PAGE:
Reaction: I am really impressed by the second project that mentioned above because it totally changes the role of a museum within a community. It makes the museum a much a more progressive institution that embraces the community in a conversation about the current state of our society - rather than a space that offers an singular (even if sometimes varied) institutional perspective.
(5) StoryCorps [Link to Project Page]: This is an awesome project that was developed to capture stories about the lives of everyday american people, from their own perspective using physical installations in high-traffic areas. It provides two friends or family members with a recording booth for 45 minutes, offering the chance for one participant to interview the other. At the end of the session the two participants leave with a DVD copy of the conversation, and the recording is saved in the Library of Congress. All of this takes place in a relatively small recording booth that lives in kiosks located in several major US cities.
Reaction: I have known about this project for a long time from NPR, it is truly an amazing idea. I actually always wondered who had created StoryCorps. It is one of the coolest and best executed collaborative storytelling projects around. The physical aspect of the execution is a crucial element to the success of this project. The context adds a lot of meaning (importance) to the conversation.
(6) Make History 911 [Link to Project Page]: This is a web-based collaborative storytelling project about the history of september 11th. It allows users to add their stories, pictures and videos to the tapestry of stories that already exist on the site.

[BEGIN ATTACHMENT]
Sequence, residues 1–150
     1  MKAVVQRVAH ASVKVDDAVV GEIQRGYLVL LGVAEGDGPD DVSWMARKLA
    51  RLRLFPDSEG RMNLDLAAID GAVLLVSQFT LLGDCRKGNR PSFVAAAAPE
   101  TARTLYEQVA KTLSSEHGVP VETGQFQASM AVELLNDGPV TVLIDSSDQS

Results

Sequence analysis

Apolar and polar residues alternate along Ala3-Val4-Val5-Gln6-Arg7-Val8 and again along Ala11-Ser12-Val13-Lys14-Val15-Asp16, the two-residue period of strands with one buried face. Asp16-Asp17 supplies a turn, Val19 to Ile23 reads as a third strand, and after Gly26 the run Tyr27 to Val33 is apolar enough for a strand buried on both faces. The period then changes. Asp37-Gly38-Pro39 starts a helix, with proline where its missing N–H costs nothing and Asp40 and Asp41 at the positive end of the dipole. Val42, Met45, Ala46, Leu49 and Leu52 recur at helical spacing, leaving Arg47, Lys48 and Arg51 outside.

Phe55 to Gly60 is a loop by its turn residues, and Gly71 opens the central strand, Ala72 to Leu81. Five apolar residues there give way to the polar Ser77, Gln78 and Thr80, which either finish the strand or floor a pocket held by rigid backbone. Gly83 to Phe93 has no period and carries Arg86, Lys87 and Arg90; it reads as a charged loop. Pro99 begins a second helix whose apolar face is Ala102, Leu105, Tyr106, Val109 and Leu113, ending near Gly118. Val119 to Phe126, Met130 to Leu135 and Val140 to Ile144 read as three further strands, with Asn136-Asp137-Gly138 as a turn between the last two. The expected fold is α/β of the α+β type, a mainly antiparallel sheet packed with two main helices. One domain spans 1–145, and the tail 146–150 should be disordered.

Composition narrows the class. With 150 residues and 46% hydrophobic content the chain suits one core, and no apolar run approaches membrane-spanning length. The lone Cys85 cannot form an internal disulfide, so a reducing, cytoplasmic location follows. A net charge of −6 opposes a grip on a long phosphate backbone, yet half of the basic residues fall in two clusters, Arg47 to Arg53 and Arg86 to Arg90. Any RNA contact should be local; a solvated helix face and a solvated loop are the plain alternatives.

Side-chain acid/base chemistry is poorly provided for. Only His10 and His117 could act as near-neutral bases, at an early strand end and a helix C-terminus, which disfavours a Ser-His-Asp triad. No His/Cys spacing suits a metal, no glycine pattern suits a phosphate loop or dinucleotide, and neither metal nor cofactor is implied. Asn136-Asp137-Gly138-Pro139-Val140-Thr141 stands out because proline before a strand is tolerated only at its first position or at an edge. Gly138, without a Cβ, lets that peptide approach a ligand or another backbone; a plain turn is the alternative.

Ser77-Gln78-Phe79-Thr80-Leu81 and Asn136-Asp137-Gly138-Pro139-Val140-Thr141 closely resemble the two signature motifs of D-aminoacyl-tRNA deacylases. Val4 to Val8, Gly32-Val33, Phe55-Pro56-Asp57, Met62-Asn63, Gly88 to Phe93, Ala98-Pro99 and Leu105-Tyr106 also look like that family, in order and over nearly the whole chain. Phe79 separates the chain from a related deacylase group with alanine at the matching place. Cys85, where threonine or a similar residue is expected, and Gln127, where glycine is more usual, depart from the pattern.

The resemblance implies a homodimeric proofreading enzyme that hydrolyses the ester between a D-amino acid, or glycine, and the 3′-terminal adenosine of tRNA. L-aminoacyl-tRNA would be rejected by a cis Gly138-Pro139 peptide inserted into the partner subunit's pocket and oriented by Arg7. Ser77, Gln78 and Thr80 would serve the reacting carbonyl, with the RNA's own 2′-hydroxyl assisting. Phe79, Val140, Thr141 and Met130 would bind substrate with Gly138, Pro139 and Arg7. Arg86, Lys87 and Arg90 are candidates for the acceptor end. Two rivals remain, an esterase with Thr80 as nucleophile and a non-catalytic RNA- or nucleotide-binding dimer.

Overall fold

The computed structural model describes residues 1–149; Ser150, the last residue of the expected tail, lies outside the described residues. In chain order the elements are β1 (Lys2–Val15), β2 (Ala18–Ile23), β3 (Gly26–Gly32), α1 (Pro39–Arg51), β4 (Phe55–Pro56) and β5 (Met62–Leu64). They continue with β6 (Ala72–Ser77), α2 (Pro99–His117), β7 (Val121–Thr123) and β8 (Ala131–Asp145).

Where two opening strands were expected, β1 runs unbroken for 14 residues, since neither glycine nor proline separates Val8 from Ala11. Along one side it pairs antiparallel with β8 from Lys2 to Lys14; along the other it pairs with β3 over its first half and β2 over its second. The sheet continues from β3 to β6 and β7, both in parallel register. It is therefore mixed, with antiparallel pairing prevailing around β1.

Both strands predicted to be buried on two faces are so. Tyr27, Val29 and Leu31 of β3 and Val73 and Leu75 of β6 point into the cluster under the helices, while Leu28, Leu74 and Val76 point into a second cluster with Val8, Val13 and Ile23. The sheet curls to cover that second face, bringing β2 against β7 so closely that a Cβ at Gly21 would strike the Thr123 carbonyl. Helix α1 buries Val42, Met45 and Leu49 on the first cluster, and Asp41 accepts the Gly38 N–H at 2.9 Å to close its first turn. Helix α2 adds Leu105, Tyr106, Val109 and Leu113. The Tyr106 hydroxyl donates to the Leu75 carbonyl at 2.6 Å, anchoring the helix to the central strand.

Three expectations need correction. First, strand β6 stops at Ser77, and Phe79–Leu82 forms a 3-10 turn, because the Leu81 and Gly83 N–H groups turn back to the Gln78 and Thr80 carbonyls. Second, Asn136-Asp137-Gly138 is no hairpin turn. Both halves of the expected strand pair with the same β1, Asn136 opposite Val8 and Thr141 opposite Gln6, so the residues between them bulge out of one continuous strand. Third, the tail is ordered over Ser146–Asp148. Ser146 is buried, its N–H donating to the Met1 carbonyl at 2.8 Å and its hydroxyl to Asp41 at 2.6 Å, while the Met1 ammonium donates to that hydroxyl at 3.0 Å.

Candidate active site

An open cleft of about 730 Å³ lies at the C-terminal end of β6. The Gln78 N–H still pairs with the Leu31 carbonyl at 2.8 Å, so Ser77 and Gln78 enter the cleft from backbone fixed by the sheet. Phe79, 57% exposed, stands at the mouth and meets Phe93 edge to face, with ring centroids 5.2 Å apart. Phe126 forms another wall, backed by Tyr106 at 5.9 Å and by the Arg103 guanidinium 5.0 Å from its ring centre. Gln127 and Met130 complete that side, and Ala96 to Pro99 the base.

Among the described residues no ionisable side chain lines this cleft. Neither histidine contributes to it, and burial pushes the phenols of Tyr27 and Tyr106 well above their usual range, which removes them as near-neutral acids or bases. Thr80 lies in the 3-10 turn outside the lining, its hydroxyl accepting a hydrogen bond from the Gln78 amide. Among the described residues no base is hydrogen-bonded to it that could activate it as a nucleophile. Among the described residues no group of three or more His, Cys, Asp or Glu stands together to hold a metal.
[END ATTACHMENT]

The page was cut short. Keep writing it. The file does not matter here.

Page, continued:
Reaction: This project has successfully provided people from all over the world with an opportunity to share their experiences related to september 11th. In the process each person has the opportunity to take part in writing the history about this important moment in our shared lifetime. I think this is a pretty cool way to change the way that history is written. It is definitely a storytelling platform.
(7) September 11 Memorial Museum: This large project features some interesting combinations of environmental media and collaborative storytelling. I was specifically interested by the way in which they are integrating the ability to post verbal comments (a behavior that is common only in virtual spaces) into the physical space. I also appreciate the plans to have people's interaction with the exhibition, and current events, to automatically impact the exhibition itself. This creates a much more dynamic experience that repositions museums as I previously pointed out).
- Notion that we should use a collaborative approach to creating a public history.
- Difference between a collaborative storytelling platform that enables people to tell their story to an installation that features small selection of curated stories.
- Need for physical interfaces to be "walk-up" ready - this means that first time users are able to interact with the interface with little difficulty or embarassment.
- Museums should look for ways to extend the experience beyond their walls by giving people something to take with them, such is information in a cell phone.
- Museums re-envisioned as interactive spaces where communities can communicate about important issues and in the process impact the space (installation) itself.